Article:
We were excited and honoured to be invited to pitch our company and our case at yesterday’s Investor Showcase pitching event held at the Adelaide Town Hall, as part of the SouthStart Conference 2018.
The event, and SouthStart, is supported by the newly formed Office of the South Australian Chief Entrepreneur, the Moonshine Laboratory and the SA Government.
Our MD, Dr Justin Coombs made our 8-minute pitch to a room full of potential investors, other start-up companies and members of the SA start-up/technology commercialisation community. New Chief Entrepreneur, Jim Whalley, presented Justin with our award at the end of a long but enjoyable day of pitching by 22 companies.
Justin started his presentation by showing a picture of a sick Emily Whitehead, who was just 6 when her parents were told by doctors that she needed to enter palliative care. Standard treatments, including salvage treatments, were not working to save her from the ravages of the acute lymphoblastic leukaemia she had been battling for 16 months. Instead, her parents enrolled her in a clinical trial of newly emerging immunotherapy called chimeric antigen receptor T cell (CAR-T) therapy. Emily became the first paediatric patient in the world to receive it.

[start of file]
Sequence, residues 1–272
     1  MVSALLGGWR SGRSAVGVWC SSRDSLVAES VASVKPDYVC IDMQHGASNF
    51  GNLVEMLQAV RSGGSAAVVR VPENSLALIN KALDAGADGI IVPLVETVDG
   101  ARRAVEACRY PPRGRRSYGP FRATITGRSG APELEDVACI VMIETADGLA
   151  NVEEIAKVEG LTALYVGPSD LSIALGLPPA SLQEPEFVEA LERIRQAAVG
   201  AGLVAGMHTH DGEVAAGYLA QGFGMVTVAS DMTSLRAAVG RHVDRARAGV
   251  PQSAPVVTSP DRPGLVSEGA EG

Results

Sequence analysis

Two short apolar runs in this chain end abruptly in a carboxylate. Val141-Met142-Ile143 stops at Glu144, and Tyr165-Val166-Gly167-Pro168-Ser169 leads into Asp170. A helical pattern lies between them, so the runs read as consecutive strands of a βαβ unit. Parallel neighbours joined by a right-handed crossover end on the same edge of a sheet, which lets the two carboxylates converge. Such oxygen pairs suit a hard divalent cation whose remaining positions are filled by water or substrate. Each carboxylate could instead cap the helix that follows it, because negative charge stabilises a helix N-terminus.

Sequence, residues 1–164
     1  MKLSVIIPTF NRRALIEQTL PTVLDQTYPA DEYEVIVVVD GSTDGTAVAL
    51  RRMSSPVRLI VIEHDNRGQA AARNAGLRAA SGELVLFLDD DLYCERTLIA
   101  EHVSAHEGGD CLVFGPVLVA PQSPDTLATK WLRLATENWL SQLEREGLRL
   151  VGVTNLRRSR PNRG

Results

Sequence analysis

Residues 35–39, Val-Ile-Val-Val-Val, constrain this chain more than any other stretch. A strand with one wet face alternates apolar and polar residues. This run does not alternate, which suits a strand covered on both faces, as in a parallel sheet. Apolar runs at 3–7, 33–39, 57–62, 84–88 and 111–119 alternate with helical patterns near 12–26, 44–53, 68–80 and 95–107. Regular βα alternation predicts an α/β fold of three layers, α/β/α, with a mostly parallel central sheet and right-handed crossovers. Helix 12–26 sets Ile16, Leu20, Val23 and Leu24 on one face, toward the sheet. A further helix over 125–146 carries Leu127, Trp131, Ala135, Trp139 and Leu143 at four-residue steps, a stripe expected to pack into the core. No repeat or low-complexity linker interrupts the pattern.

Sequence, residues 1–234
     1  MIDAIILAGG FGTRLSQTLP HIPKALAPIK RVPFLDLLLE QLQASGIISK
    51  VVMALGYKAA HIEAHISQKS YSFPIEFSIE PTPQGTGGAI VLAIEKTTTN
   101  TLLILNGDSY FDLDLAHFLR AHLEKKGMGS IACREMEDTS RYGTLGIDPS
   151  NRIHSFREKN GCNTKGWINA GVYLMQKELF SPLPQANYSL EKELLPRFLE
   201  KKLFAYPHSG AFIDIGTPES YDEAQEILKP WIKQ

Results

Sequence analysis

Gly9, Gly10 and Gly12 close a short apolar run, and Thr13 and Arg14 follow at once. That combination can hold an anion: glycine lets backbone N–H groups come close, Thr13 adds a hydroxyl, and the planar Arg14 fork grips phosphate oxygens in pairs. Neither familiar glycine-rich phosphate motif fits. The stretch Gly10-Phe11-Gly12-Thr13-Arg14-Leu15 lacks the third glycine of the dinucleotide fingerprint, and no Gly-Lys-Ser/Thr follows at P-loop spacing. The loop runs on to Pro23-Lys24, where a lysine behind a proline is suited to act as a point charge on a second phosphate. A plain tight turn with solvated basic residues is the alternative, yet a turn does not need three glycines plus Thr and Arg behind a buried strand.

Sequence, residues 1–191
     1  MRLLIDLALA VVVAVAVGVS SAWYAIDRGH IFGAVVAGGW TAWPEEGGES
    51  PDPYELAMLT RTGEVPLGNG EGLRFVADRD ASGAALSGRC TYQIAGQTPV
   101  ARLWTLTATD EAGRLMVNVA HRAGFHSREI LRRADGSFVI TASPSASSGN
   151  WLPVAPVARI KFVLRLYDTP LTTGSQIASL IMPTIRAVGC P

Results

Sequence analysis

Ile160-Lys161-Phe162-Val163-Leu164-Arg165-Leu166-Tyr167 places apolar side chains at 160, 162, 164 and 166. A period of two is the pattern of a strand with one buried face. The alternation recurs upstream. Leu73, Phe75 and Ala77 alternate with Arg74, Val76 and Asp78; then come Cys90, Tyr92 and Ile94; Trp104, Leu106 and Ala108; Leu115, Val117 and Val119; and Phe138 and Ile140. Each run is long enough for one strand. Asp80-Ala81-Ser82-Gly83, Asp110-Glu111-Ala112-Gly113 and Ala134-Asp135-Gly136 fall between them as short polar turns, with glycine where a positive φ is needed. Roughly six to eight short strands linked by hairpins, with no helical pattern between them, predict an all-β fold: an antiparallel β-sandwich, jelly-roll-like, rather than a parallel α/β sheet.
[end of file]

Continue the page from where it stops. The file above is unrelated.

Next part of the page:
The next slide in the presentation showed a healthy, happy and cancer-free Emily six years later (present day).
Justin explained that he started Carina by asking the question, “Could we make a CAR-T cell that would attack solid cancers?” (CAR-T therapy has shown remarkably efficacy against blood cancers, like Emily’s, but not against solid cancers.) The next, even more ambitious, question Justin asked was, “Could we make a CAR-T cell that attacks many solid cancers?”
Luckily, the answer to both those questions is YES, thanks to the work of our lead researcher Professor Simon Barry and colleagues at the Women’s & Children’s Hospital.
Justin explained to the audience that we have shown that our CAR-T cell can kill a range of solid cancers in vitro and we are also seeing encouraging results in a number of cancers in small animal trials. Our research team now also boasts Professor Shaun McColl from the University of Adelaide, Dr Anton Blencowe from UniSA, Associate Professor Claudine Bonder from the Centre for Cancer Biology/UniSA and Professor Mike Jensen from Seattle Children’s Hospital in the United States.
We want to continue to advance our lead CAR-T cell through the preclinical stages to reach a first-in-human clinical trial by 2020.
As we say, watch this space!